Gil, L. (2012). The Gender Crisis in Politics: U.S. Congress Fails at Equality. Retrieved from   http://www.huffingtonpost.com/lili-gil/women-in-congress_b_1374030.html

Miss Representation (Full-Length Video) [Motion picture]. (2012). United States of   America: [Ro*co Films Educational].

Warner, J. (2014). Fact Sheet: The Women’s Leadership Gap. Retrieved from             https://www.americanprogress.org/issues/women/report/2014/03/07/85457/fact-sheet-the-womens-leadership-gap/

 

 

 

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Feminism and the Media

So I’d like to start this post off by sharing an image. This is a poll from yougov that shows the percentage of people who would call themselves feminists before and after learning the true definition of the term.

feminist_afterbefore (Has Feminist Become a Dirty Word, 2013).

As you can see, the before side is significantly smaller than the after side. When people hear the word feminism or feminist, typical ideas tend to pop into their heads. First, there tends to be a mental image of what a feminist looks like. A typical description may include words like hairy, thick-rimmed glasses, lesbian, yells a lot, etc. Then there are a few ideas on the definition of feminism. A lot of these definitions infer that feminists think that women are better than men, and that women should have the upper hand simply because of their sex. But let’s take a look at the real definition of feminism:

feminism-definition

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Although some may disagree that women and men should be treated equally, the majority of people would agree with that. For example, I have yet to meet someone who has truly believed “women should make less money than men”. Knowing the true definition changes things for people. In terms of feminism, it seems as though we are lost in translation. Why is this? Many reasons! However, a giant culprit the portrayal of feminism by the media.

This seems like a bold accusation, but let me explain.

We all know the media likes to blow things out of proportion. Remember last year’s Ebola crisis? Yes, it was a big deal, but thanks to the constant media coverage, people over here were absolutely freaking out, believing that we were on the brink of some sort of apocalypse. Then, when the media switched over to another topic, the fear completely dissipated, despite Ebola still being around and still being a problem. The fact of the matter is that media coverage, however accurate it is, is important. So when the media covers a topic like feminism and portrays it in a negative light, that is where the issue arises.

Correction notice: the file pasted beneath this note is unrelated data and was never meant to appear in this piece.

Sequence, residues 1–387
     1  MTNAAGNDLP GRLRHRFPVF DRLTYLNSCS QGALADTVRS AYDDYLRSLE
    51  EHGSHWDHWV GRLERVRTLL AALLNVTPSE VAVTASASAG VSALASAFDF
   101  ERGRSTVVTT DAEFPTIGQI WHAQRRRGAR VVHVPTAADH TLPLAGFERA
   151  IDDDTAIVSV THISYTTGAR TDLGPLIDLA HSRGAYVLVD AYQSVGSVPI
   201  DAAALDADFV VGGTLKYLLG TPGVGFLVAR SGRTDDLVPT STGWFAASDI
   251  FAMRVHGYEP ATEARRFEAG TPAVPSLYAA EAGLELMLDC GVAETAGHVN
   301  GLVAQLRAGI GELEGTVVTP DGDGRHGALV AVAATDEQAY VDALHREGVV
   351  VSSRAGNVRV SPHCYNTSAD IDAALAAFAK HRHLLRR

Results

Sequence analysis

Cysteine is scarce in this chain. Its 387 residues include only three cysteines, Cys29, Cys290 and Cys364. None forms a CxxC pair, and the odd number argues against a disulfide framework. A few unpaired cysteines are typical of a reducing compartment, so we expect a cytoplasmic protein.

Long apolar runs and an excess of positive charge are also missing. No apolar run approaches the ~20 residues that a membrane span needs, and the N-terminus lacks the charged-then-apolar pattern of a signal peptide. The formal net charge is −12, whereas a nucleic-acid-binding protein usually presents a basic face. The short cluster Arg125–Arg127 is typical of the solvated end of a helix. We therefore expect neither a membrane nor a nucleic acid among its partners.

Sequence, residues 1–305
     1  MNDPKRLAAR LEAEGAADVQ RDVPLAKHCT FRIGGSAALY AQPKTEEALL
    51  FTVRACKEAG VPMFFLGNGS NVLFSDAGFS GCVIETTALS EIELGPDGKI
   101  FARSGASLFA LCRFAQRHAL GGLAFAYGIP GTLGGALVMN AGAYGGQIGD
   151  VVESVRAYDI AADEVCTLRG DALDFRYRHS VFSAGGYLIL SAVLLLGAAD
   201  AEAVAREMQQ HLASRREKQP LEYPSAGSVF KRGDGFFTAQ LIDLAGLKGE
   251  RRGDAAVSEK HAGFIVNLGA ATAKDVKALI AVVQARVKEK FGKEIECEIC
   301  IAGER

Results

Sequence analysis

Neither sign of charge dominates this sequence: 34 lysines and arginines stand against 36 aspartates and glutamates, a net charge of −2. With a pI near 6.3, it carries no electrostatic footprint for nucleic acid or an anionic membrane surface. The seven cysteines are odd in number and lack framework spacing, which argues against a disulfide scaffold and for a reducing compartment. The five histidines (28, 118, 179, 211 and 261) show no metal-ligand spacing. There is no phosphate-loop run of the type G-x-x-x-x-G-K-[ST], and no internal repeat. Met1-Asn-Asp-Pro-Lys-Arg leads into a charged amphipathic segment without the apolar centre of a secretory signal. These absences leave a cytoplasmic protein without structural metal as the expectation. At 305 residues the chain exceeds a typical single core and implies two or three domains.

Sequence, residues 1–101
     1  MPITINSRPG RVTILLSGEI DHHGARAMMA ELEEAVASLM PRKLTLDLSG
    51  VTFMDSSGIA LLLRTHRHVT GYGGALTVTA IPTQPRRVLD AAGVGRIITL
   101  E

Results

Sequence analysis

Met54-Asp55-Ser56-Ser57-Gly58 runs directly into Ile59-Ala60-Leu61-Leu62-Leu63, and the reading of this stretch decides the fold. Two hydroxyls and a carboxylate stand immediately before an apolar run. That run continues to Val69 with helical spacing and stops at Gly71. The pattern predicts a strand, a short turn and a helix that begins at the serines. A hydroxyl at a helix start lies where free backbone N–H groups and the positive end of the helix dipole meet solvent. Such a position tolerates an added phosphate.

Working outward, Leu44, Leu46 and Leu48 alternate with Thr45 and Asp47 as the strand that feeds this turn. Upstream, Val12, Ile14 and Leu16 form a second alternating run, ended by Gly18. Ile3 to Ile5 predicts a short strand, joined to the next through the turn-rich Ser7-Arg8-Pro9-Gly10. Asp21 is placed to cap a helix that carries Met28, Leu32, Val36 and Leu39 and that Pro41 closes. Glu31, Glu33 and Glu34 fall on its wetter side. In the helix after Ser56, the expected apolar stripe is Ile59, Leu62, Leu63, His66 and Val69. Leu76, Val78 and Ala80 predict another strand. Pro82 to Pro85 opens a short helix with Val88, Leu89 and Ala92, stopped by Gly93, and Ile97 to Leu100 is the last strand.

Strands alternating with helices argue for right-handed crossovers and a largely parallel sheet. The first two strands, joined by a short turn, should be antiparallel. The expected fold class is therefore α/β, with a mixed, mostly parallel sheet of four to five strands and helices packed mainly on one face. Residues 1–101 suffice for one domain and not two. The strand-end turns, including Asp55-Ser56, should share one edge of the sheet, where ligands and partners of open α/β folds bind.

Sure, there are some “normal” feminists who receive media coverage –the prime example being Emma Watson when she made her speech (Watson 2014)– but the media has a tendency to put feminism in a negative light.

fm12

Whenever someone claims to be an extremist or acts in such a way, the media is quick to report. In 2015 in the United States, it is not popular to be radical. It makes us feel uncomfortable, and we like to poke fun at it- for example, the meme above. It’s easy for the media to focus on extremists in general because of how crazy their views seem. There may be people who claim to be feminist and hate men, but that does not mean that all feminists believe it.

So with all that said, we have to ask: does the media do more harm than good for feminism?

It does focus too much on the negatives, so much so that some very famous women don’t even want to be associated with the term.

“This aversion to the word “feminism” is not uncommon: The well-publicized portrayal of feminists as angry, man-hating women has preserved the notion that feminism is destructive, dangerous, and to be avoided at all costs. As a result, many celebrities like Taylor Swift, Lady Gaga and Madonna have all rejected the term, claiming that ‘I don’t really think of it as guys versus girls,’ ‘I love men,’ and ‘I’m not a feminist, I’m a humanist,’ respectively” (Tan 2014).

People are afraid of seeming like radicals and would rather distance themselves from the cause than educate themselves about them. This is where the good side of the media comes in.

Despite the negatives, the media has also done some good for feminism. As mentioned before, Emma Watson’s speech about feminism promoted equality for men and women alike.

“If we stop defining each other by what we are not and start defining ourselves by what we are—we can all be freer and this is what HeForShe is about. It’s about freedom. I want men to take up this mantle. So their daughters, sisters and mothers can be free from prejudice but also so that their sons have permission to be vulnerable and human too—reclaim those parts of themselves they abandoned and in doing so be a more true and complete version of themselves” (Watson 2014).

More recently, Jennifer Lawrence has written an essay about the sexism in Hollywood (Boboltz).

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And Beyonce’ is a feminist. So that’s pretty cool.

With the internet as big as it is today, it’s easier than ever for people to educate themselves about topics. Whether or not they choose to do so is up for debate, however, they are more likely to if people they like are backing the cause. With beloved stars like Emma Watson, Jennifer Lawrence, and Beyonce’ Knowles showing the world that feminism is not a negative thing, maybe we can start to redefine the term so that people aren’t afraid to call themselves feminists.

References

14 Of The Most Offensive (To Women) Memes. (2012, June 3). Retrieved October 27, 2015, from http://www.gurl.com/2012/06/03/girl-meme-anti-feminism/
 Boboltz, S. (2015, October 13). Jennifer Lawrence On What Hollywood Sexism Taught Her About Being ‘Likable’ Retrieved from http://www.huffingtonpost.com/entry/jennifer-lawrence-lenny-letter-hollywood-sexism_561d01e2e4b050c6c4a2b72d